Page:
Horror fans have seen a big improvement in recent years when it comes to women characters.
It is now rare for women to be written in just to be victims or sex objects, which was the norm right up to the 1990s.
Film-maker Mai Nakanishi thinks a lot more can be done though.
After a four-year run in Japan, her Scream Queen FilmFest Tokyo goes abroad for the first time and lands in Singapore this weekend in time for the Halloween festivities.
Nakanishi curates the festival, which features horror films made by women and about women characters.
"We have an array of female-led films with strong and dynamic female protagonists which we are very excited about," says the Tokyo-based film-maker in an e-mail interview.
The festival kicks off tonight with the American film The Love Witch (2016, R21, 120 minutes), a retro- style drama about a sorceress who snares men with love potions, with horrific results.
BOOK IT / SCREAM QUEEN FILMFEST TOKYO
WHERE: The Projector, Level 5 Golden Mile Tower, 6001 Beach Road
WHEN: Tonight till Sunday, various times
INFO: Go to theprojector.sg for schedule and bookings
This will be followed by a programme of 20 horror short films tomorrow and on Sunday.
Nakanishi's programme is part of this weekend's range of Halloween horror activities at indie cinema The Projector.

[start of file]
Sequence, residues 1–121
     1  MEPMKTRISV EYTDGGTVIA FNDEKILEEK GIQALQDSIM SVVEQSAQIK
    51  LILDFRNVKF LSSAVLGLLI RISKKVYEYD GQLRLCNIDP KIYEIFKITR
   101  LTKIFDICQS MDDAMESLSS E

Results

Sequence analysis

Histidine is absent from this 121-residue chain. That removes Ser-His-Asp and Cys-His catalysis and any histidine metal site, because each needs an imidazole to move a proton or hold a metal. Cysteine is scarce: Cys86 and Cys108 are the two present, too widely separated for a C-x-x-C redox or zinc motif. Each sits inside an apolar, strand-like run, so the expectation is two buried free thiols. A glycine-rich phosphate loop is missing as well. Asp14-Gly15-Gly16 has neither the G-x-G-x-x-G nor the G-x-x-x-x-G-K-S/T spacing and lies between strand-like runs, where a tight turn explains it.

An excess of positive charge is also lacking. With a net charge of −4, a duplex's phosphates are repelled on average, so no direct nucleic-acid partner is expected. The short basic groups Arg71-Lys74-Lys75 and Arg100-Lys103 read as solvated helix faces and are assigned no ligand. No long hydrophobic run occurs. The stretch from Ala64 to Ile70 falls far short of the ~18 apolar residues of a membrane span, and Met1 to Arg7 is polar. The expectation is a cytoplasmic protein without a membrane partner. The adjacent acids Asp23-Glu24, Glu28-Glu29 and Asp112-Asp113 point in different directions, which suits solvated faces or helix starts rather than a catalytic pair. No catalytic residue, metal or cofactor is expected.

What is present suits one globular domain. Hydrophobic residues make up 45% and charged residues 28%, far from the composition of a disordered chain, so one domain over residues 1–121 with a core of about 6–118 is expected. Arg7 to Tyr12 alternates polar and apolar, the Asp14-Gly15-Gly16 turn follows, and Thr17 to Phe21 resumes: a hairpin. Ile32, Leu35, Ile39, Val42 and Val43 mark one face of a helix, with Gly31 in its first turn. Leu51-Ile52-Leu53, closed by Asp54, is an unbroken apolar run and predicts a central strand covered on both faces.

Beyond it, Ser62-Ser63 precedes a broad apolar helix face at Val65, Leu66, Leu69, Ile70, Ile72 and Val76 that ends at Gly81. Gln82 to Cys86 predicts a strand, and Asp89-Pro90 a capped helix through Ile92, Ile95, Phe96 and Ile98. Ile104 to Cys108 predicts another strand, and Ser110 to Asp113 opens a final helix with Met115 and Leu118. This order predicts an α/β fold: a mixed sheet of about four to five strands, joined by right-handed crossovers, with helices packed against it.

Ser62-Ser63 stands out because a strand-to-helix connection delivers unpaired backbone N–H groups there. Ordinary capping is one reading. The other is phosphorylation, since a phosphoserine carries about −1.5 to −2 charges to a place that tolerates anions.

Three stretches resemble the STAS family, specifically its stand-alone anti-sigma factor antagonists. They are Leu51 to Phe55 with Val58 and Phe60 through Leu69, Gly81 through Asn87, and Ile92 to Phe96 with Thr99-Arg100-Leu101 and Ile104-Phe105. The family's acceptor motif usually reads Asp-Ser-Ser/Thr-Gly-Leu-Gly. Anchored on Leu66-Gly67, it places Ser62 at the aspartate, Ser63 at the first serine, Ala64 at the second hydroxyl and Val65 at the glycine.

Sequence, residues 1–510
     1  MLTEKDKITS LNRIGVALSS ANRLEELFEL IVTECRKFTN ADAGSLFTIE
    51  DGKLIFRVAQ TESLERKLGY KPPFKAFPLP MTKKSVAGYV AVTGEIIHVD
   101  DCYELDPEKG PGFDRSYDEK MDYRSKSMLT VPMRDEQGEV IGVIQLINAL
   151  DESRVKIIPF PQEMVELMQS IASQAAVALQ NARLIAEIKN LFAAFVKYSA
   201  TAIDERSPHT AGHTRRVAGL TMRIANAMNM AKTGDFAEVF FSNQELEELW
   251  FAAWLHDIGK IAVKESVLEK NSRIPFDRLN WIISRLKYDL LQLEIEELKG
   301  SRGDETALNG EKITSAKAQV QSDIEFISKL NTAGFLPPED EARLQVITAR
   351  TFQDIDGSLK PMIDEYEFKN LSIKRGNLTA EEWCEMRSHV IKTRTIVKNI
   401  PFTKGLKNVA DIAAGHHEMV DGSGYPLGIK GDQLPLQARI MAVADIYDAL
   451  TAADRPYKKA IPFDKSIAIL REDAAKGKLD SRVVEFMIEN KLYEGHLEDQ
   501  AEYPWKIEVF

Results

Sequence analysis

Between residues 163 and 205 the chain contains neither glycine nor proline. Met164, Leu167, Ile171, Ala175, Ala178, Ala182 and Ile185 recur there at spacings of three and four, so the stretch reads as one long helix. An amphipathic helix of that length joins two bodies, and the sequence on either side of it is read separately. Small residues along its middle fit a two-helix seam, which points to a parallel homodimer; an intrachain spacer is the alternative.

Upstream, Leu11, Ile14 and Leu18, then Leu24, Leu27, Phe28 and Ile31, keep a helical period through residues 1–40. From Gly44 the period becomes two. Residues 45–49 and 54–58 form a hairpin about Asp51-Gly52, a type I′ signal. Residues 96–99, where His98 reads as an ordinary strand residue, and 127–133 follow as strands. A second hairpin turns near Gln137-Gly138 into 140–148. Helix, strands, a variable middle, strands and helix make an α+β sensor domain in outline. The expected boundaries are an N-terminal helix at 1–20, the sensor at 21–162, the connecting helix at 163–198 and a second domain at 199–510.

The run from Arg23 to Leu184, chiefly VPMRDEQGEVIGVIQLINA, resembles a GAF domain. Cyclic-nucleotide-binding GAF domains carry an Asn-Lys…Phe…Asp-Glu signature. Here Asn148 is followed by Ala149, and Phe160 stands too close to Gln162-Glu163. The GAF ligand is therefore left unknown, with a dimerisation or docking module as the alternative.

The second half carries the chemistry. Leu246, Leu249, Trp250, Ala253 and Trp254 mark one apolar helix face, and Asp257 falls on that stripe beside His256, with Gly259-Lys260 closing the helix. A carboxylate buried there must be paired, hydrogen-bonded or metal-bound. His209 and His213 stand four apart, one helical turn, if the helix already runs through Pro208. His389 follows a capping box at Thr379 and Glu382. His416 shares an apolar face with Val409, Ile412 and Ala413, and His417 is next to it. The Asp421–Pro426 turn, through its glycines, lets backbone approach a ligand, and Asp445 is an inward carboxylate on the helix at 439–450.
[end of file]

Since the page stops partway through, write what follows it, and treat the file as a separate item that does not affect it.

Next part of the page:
The Scream Queen shorts come from around the world and reflect a range of styles. Some drip with camp and black humour - Hard Broads (2015) is about women who have to transport the body of a celebrity while Tampoon (2015) is about a woman's sanitary product that turns evil.
But other films are flat-out creepy, says Nakanishi.
"There are quite a few that can be considered horror films, such as Nasty, Seiren, Summoned, The Puppet Man, The Stylist and Madre De Dios," says Nakanishi, who is in her 30s.
Madre De Dios (2015), from Canada, is about a woman who finds herself trapped in a black magic ritual while The Stylist (2016), from the United States, deals with a hairdresser with dark intentions towards a client.
Singapore is the first international stop for Scream Queen partly because of Nakanishi's connection to the island. It was where she lived for a time from age 11 after her father, a branch manager in a Japanese company, was posted here.
She has also done film work here and is credited as assistant director on Singapore film-maker Eric Khoo's segment, Cinema, in last year's 7 Letters anthology.
"I spent all my teenage years in Singapore and going to theatres was one of my most important after-school routines. I feel that I have a good understanding of local tastes," she says.
She points out that the festival is not a platform to raise awareness of women's issues.
"We want to showcase amazing works created by women for both male and female horror fans."